Religion takes precedence in a sport game
Within reaching distance: the basketball game between the groups of Elitzur Raanana and Alfe Menashe was stopped after the Elitzur coach noticed that one of the players on the other team, Shauna Greenbaum, 10 years old, is also a girl. "I can not allow the children to play because they are religious who keep from contact [shomrei negiah]," he explained. The coach of Alfe Menashe would not prevent Shauna playing and Raanana were forced to return.Now just what justifies giving that team with a discriminatory view of girls the right to earn the technical score? According to this post, the most dismaying part of all is that the basketball association running these matches allows for a team with religious members to decide if girls can or can't be on the other team. Well that's something that's going to have to be changed. Girls have every right to join and practice on basketball teams, whether they're seeking a career in the sport or not. And the religious boys on Raanana's Elitzur team should not be taking part in the tournament if they're going to let their religious beliefs trump the fun that's supposed to be part of the whole game. The Alfei Menashe coach was right not to stand for this humiliating position this time, and they shouldn't play with the team again until they start setting a better example.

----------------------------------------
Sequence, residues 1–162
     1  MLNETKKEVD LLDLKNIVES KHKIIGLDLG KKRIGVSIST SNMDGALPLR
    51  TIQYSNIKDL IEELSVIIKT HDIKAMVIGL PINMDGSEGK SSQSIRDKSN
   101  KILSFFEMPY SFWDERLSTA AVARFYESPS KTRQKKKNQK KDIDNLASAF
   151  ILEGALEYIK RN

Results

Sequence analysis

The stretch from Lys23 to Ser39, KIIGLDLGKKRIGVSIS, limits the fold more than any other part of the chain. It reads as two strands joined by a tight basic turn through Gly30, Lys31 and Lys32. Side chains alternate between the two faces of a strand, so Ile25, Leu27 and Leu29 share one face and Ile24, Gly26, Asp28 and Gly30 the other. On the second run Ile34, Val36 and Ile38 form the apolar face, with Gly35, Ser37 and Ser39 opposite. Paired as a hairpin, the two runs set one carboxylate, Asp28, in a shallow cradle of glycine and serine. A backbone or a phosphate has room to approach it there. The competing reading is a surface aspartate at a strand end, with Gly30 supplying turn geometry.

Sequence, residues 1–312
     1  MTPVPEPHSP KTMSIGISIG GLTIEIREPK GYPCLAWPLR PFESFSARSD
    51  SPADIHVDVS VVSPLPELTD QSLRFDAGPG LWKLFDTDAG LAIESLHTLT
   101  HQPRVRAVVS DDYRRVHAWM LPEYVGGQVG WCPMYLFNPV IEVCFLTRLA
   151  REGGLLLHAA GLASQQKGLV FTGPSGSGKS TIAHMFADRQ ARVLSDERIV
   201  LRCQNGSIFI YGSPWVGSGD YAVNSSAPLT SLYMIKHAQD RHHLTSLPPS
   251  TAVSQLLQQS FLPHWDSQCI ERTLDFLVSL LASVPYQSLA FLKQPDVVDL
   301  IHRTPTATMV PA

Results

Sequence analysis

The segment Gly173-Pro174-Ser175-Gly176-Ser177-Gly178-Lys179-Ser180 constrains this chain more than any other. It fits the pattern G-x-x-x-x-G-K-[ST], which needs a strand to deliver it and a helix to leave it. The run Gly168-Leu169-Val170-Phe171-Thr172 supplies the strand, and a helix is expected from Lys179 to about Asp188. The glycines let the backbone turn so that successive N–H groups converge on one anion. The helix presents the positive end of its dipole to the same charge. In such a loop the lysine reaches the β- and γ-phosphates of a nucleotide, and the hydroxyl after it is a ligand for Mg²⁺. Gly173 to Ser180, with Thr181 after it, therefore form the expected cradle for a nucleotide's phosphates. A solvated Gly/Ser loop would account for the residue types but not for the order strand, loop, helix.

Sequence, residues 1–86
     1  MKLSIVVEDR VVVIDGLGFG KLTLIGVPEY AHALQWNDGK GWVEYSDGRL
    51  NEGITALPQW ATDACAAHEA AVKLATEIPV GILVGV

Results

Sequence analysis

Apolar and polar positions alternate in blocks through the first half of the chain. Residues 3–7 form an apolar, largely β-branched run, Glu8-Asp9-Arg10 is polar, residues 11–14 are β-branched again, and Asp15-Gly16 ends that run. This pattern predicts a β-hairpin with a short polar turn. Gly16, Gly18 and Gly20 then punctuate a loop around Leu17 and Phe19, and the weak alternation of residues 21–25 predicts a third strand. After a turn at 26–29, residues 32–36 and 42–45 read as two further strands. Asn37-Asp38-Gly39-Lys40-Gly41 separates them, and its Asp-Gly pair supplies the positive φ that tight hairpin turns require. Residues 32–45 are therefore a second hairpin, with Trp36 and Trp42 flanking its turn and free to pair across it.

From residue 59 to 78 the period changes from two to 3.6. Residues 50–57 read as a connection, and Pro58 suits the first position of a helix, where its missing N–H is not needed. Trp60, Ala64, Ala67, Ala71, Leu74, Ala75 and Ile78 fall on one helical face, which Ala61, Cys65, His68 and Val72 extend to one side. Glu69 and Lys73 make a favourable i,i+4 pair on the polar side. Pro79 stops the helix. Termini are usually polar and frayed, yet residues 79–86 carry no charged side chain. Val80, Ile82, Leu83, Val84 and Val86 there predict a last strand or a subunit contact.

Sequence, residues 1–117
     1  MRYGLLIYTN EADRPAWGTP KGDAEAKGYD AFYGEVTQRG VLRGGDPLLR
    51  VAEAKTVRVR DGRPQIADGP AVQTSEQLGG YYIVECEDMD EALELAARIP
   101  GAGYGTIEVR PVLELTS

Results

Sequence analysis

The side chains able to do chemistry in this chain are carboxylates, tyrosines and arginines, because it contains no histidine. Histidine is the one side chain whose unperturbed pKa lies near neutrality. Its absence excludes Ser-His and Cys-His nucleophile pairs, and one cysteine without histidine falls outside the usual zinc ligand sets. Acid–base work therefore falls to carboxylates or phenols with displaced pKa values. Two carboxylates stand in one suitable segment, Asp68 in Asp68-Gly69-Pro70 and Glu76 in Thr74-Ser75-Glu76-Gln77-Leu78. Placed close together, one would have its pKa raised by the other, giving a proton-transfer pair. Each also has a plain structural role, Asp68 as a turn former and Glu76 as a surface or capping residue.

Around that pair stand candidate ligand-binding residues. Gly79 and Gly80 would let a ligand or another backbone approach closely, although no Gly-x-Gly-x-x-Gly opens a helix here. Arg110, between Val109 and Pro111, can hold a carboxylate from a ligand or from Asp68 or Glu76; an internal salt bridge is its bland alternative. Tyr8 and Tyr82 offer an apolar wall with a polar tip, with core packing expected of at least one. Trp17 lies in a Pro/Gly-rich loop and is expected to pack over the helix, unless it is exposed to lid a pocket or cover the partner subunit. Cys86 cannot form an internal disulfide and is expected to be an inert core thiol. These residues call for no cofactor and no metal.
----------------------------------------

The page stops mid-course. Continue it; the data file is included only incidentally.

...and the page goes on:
"The coach told me they were not prepared to play with me because I'm a girl," said Sheeran. "It's very offensive," added the girl who spent the previous game between the two teams bitterly crying on the bench.
"They are children in fifth grade and it's not a matter of keeping from contact at that age," explained Shauna's mother. The coach joined her saying, "Our group all are equal regardless of gender, height or talent," he explained.
No doubt such an event everyone loses, but who won the event official victory is actually Elizur. The team forfeited because the team of Alfei Menashe refused to hold the game under the conditions set by them.
Update: here's more on the case from Alison Kaplan Sommer.